Getting Started with Productivity Software
Maybe a better name for productivity software would be facilitation software. After all, it's the software that makes it possible to create documents, presentations, spreadsheets and related files. Good productivity software also takes care of tricky tasks like converting spreadsheets full of data into charts and graphs. But the initial effort must still come from the user.
The key to useful productivity software relies on how well the developers are able to anticipate a user's needs. Developers have to take many factors into consideration when programming productivity software. What's the application's purpose? How will people use it? What functions will they require? How should developers organize the software's interface? Ideally, developers figure out the features customers will need before the customers realize they need them.
When developers successfully answer these questions, they can make programs that are both functional and easy to use. If the developers don't think through the software thoroughly, the result can be a program that frustrates users.
Part of the challenge of developing productivity software is to organize program features in a way that's intuitive without copying another developer's work. Some users are picky about certain features. If they switch from one product to another, they might get frustrated if the second product doesn't organize its features in the same way as the program they've become used to.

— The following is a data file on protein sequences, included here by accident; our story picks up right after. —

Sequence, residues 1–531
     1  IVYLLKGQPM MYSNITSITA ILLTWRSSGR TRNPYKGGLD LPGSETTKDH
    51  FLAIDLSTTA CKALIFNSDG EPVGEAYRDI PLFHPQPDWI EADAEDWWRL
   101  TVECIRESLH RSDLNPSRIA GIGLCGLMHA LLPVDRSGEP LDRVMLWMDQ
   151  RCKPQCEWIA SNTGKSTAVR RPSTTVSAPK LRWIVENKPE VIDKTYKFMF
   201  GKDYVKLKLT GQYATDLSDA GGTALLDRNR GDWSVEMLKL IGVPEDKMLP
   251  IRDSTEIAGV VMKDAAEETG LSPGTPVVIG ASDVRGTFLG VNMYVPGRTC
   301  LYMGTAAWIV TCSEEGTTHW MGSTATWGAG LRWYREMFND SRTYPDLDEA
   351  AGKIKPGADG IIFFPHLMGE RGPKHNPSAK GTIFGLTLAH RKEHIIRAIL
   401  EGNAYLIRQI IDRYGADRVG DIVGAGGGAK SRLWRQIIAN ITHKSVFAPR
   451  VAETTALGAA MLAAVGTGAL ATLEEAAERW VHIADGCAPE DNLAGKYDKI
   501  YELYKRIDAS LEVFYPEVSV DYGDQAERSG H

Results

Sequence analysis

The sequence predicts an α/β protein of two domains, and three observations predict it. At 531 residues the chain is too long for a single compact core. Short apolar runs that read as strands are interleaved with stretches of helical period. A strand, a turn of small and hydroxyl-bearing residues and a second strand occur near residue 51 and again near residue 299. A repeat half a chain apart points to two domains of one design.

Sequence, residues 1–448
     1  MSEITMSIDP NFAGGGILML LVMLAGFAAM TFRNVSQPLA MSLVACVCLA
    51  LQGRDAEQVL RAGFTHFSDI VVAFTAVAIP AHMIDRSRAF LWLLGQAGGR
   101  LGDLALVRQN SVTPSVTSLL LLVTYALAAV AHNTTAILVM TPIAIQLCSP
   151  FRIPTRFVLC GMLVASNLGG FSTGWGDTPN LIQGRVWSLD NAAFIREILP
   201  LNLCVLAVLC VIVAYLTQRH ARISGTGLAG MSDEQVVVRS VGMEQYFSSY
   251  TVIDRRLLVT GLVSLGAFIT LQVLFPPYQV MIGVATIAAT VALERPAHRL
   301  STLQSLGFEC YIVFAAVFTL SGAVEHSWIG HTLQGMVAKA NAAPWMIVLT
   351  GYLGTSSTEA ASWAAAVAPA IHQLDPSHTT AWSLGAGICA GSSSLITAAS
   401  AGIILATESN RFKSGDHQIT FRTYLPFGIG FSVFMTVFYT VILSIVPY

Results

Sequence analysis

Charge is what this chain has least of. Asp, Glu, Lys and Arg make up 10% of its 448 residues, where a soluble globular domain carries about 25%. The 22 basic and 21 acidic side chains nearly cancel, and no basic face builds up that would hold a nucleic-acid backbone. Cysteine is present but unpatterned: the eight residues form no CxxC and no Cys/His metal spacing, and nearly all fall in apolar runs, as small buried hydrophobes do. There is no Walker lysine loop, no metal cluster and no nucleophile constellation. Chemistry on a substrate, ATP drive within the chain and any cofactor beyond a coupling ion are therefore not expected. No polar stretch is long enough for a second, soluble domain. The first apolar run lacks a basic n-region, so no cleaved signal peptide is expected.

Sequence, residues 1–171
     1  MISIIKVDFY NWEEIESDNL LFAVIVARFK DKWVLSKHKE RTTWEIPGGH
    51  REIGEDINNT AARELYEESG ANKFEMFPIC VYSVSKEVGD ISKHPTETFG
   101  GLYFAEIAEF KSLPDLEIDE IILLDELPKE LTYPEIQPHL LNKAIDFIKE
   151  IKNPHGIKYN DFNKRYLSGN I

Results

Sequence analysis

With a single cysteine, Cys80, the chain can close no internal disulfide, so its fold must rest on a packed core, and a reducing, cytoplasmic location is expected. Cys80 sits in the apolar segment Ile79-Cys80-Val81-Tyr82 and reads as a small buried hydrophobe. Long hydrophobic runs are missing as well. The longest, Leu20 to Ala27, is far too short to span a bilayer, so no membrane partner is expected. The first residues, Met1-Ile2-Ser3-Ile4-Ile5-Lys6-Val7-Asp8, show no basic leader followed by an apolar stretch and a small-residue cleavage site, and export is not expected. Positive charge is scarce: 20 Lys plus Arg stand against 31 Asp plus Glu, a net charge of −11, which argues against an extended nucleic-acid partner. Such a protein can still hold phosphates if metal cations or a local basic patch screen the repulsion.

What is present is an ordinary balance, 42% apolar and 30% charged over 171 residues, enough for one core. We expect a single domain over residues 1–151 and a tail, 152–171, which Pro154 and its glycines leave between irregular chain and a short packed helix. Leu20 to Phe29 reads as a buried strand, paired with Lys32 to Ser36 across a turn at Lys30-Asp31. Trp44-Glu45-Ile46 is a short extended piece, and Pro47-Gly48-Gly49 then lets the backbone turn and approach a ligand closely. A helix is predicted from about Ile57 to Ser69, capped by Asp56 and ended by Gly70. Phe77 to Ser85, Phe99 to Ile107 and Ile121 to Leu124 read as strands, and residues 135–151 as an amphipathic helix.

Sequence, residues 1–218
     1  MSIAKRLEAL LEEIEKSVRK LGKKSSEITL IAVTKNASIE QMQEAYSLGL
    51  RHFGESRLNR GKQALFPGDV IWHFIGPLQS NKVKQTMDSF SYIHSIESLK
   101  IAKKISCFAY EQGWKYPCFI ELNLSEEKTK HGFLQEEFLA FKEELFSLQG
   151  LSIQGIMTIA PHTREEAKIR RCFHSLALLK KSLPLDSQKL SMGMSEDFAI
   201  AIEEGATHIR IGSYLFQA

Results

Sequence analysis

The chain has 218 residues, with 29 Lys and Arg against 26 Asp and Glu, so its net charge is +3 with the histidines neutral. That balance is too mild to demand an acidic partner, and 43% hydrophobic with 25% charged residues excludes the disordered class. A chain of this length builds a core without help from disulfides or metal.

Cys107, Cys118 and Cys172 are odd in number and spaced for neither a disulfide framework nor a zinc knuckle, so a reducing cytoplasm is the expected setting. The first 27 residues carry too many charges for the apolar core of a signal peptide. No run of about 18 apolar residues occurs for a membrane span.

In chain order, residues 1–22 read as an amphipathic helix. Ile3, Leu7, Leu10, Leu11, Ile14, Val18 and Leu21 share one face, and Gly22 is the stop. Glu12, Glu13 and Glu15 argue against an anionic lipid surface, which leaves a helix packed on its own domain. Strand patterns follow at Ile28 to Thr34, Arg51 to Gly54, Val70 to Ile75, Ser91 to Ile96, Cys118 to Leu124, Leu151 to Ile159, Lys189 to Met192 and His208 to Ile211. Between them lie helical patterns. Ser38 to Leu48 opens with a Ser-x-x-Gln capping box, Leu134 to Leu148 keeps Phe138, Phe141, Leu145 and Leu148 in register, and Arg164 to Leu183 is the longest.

Often, companies offer updated software packages with new features that also reorganize old features in new ways. Doing so risks the wrath of long-time users, who can become accustomed to a particular organizational format. For that reason, some productivity software companies build in an option to view later versions of software in the style of earlier versions. A few will even include an option that emulates a rival company's product in an effort to lure customers away from competitors.
Some developers choose to create open source productivity software. Open source means the developers make some or all of the programming code they use to create applications freely available to the public. That way, other people can take the code and make additions or alterations to create their own software. With an open source community, developers can monitor user response and tweak applications to better meet user needs. While this can benefit the software's users, it's harder to make money from open source software. Many developers rely on donations from users.
Companies offering proprietary software might not respond as quickly to customer needs, but the proprietary approach makes it easier to design a working business model around the software. If the software company is the only source for a particular application, then it's easy for the company to put a price on the software. Proprietary companies are also more likely to have the resources to hire top developers. While that's not a guarantee that a proprietary piece of software will be better than an open source version, it can be an advantage.
There's a relatively new movement in productivity software that ports applications from the desktop to the Web. What's the difference between traditional productivity software and the programs to which you can subscribe online? Find out in the next section.